Violent States and Creative States – From the Global to the Individual
John Adlam, Tilman Kluttig and Bandy X Lee (eds) – Jessica Kingsley Publishers (2018)
Violence often feels like it comes ‘out of the blue’. This contention might almost be intrinsic to any account of the experience of any individual who finds themselves ‘on the receiving end’ of an act of violence. Repeated violence, almost by its very nature, risks ceasing to be perceived or experienced as violence at all – think of patterns of domestic violence or self-injuring practices – or the tweets of the President of the United States – or the newspaper columns of the United Kingdom’s recently-resigned Foreign Secretary.
And yet: human behavioural violence is not random. It involves an agent – the doer of the violent deed. In turn, the violence of this agent emerges out of the self state, the state of mind, of the agent: an act of violence is the external expression of an internal state of mind. James Gilligan, who contributed the epilogue to these volumes, has argued that all interpersonal human violence comes down to feelings of shame and humiliation and feeling disrespected.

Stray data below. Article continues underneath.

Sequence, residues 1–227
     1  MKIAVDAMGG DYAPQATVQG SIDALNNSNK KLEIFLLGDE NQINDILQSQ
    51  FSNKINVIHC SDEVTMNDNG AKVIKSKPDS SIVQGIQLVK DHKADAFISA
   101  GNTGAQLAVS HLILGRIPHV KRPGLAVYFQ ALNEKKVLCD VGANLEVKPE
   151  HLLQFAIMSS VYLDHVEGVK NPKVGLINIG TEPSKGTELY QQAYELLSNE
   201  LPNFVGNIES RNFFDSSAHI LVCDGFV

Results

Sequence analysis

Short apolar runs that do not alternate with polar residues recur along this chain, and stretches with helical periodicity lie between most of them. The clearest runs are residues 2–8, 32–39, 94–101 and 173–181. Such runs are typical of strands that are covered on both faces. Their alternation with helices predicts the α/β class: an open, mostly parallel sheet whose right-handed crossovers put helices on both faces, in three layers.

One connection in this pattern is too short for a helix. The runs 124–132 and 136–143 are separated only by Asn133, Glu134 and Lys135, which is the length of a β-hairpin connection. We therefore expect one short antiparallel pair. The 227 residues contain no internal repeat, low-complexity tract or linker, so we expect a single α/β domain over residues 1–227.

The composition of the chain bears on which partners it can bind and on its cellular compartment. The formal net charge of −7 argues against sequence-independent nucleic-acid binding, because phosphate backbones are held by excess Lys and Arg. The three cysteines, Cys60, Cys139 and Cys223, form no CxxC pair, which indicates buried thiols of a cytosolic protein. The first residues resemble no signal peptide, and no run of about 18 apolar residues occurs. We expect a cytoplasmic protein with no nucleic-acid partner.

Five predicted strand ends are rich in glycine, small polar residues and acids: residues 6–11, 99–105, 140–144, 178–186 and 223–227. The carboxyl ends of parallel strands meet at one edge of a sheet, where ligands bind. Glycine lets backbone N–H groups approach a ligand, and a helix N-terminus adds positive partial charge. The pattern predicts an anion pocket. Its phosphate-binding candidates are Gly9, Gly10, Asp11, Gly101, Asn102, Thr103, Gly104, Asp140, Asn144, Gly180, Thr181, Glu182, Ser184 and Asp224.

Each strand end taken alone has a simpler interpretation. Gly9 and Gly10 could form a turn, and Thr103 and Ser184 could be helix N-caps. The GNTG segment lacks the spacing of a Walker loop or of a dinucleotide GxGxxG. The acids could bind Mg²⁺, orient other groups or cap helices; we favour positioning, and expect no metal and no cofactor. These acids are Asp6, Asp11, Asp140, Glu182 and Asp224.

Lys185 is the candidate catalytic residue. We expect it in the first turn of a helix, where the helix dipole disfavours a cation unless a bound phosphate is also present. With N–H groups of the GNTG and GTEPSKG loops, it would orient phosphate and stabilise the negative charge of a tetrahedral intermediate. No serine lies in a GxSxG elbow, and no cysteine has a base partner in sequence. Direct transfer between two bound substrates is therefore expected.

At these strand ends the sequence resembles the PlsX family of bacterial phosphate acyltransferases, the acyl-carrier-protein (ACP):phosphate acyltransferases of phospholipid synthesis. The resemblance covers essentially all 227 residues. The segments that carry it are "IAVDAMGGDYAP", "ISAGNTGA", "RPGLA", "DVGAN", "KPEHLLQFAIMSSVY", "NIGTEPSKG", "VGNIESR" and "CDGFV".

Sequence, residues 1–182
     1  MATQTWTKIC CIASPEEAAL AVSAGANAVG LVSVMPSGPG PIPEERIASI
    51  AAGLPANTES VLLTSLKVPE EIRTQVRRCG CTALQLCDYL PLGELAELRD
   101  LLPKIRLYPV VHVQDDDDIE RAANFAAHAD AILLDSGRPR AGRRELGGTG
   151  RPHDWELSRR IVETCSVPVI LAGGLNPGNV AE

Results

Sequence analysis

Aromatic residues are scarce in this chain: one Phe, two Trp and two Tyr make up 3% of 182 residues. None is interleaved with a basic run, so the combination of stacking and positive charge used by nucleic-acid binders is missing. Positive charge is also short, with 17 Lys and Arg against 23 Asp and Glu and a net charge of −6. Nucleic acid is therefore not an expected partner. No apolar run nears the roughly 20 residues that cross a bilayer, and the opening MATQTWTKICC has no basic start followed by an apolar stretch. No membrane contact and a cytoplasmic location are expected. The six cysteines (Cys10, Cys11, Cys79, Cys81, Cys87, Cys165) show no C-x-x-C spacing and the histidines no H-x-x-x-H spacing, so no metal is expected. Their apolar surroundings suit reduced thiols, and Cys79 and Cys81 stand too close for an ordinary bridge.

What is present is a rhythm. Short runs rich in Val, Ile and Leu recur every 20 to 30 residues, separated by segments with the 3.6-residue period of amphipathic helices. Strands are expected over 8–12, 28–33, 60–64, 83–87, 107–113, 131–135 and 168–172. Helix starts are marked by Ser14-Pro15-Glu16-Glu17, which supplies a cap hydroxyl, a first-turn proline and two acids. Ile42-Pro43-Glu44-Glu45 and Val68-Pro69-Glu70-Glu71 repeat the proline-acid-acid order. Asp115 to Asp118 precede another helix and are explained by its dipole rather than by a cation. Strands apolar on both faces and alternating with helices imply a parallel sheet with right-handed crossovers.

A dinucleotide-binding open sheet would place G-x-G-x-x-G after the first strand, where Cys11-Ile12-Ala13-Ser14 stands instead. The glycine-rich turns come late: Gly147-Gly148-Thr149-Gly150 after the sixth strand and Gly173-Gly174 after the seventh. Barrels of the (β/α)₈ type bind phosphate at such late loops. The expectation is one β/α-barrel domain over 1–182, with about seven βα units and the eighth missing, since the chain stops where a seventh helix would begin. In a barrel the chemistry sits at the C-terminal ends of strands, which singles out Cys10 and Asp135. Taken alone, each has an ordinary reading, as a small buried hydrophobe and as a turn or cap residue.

From a psychodynamic perspective we might characterise such states of mind as unstable states in which a ‘bad object-relation’, a node or nexus of tension and aggression and ambivalence, experienced as intruding upon the self, has to be evacuated in pursuit of the unconsciously hoped-for restoration of equilibrium. Put (much!) more simply: I feel shamed or ‘dissed’ – there’s then a relationship in my mind between ‘me-who-is-dissed’ and ‘he-who-dissed-me’ – the feelings associated with this are increasingly difficult to tolerate – eventually I lash out at someone else ‘out of the blue’ – at least momentarily, I am powerful and someone else has the bloody nose or the black eye – the feelings associated with ‘me-who-was-dissed’ are no longer available, they belong now to the person I have humiliated in turn.
It was ‘out of the blue’, for me, when, working a cold weather shelter one winter’s night (if the reader will accept testimony from my own experience), I was suddenly attacked from behind and thrown to the ground by a homeless man who had taken refuge there. But it wasn’t ‘out of the blue’ for my assailant – I suspect his violent state of mind had been building and bubbling a while – and so might mine have been, if I had been out and about that freezing night on the streets of South London.
What finally did it for him (I have many times since reflected) was probably when I happened to turn my back towards him (in order to go fetch something, as I recall). His violent act emerged out of his violent state and was ignited by his experience of the violent, humiliating or shaming disregard that I (inadvertently) performed for him. And then we must imagine the kind of life experiences that had led this man into this particular predicament – and reflect upon the violent State that might be understood to obtain, when the sixth largest economy on the planet can’t quite manage to meet the basic housing and social care needs of its vulnerable populations.